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Is this a valid proof for (2n+1,3n+1)=1?

$\exists \ d \in \mathbb{Z}$

  1. $d | 2n+1$ means $2n+1 \equiv 0$ (mod $d$)
  2. $d | 3n+1$ means $3n+1 \equiv 0$ (mod $d$)

Multiply 1. by $3$ and 2. by $2$:

$6n+3 \equiv 0$ (mod $d$)

$6n+2 \equiv 0$ (mod $d$)

Subtract the second from the first to get: $ 1 \equiv 0$ (mod $d$), which means $d|1$, which means $d=1$.

Thanks!

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Question and Answer together !!!. –  Felix Marin Mar 25 at 7:10

3 Answers 3

up vote 4 down vote accepted

Yes, nice job! That's a very nice application of the method that I described in your prior question. Notice again how simple the problem becomes once it is reduced to equational (congruence) form.

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Thanks for explaining it! It just clicked, so I hope this will be useful in the future! –  Christoph Mar 8 '11 at 2:35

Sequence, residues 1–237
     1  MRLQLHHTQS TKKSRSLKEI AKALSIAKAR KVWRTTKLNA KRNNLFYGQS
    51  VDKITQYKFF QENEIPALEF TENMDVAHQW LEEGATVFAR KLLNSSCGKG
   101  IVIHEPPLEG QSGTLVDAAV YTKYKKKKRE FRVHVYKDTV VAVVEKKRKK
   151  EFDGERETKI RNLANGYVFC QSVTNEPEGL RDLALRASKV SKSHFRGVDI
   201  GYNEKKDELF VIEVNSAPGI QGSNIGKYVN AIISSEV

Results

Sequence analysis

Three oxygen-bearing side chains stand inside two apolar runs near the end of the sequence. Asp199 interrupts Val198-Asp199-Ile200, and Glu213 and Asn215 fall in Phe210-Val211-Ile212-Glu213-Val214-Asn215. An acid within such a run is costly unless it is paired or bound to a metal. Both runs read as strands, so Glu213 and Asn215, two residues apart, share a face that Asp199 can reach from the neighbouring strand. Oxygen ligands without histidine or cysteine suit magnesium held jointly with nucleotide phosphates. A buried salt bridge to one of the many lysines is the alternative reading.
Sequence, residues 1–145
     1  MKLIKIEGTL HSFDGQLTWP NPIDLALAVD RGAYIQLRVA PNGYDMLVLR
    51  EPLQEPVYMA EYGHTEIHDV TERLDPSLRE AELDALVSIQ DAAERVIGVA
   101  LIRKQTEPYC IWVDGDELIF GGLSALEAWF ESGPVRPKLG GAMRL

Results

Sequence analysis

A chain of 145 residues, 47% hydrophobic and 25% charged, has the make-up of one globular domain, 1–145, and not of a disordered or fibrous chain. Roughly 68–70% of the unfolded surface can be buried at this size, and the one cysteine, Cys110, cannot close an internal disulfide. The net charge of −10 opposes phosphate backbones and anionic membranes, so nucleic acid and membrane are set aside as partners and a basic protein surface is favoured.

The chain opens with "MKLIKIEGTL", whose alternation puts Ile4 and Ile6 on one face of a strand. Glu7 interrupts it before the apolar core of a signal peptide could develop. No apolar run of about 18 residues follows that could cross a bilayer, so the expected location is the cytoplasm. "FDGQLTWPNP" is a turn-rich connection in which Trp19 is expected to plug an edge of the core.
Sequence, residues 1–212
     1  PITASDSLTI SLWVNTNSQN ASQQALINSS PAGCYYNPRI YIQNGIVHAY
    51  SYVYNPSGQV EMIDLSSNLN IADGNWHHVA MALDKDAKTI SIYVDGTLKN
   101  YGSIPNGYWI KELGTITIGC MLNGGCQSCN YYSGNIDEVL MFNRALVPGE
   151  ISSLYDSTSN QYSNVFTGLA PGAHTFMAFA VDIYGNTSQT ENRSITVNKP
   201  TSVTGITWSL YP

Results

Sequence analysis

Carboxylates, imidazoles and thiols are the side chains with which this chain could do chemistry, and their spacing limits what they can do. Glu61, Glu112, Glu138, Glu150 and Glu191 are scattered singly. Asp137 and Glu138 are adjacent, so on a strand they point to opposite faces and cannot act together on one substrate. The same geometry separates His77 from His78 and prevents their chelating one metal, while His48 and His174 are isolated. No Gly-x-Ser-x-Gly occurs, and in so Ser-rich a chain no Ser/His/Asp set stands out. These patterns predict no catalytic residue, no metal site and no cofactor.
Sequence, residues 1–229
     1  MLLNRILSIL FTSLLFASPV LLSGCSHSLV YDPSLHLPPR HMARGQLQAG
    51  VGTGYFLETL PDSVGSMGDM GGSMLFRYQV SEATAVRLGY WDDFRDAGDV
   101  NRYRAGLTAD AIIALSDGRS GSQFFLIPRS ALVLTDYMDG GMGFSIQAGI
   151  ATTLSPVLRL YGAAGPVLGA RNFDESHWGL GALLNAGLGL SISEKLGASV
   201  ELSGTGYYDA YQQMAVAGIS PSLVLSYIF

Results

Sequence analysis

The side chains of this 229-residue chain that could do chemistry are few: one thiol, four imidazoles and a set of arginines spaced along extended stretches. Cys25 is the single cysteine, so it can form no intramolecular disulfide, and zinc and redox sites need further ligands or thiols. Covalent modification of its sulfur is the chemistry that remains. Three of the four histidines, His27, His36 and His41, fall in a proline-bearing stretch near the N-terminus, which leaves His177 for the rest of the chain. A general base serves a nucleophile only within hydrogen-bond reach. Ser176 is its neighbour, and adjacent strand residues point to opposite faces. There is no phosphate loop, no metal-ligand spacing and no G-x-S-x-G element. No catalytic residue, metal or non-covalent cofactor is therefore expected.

1  
Yes, learning to effectively work with congruences (i.e. equations in quotient structures) will prove quite useful in your future studies. The sooner you master such the sooner you can make trivial nonessential components of proofs so that you can better focus on the conceptual essence of the matter. When Gauss first introduced congruences they led to breakthroughs in number theory. You'll see analogous breakthroughs once you master them. –  Bill Dubuque Mar 8 '11 at 2:40

Suppose $d$ is a positive integer dividing both $2n+1$ and $3n+1$.
$d$ also dividing $3(2n+1)$ and $2(3n+1)$.
$d$ dividing $(6n+3)-(6n+2)=1$.
$d$ dividing $1$.
$d=1$

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Very good proof. Another very elementary proof is to use the Euclidean algorithm:

GCD(3n+1,2n+1)=
GCD(3n+1-(2n+1),2n+1)=
GCD(n,2n+1)=
GCD(n,2n+1-n)=
GCD(n,n+1)=
GCD(n,n+1-n)=
GCD(n,1)=1

where I repeatedly subtracted the smaller from the bigger until I got something I could evaluate.

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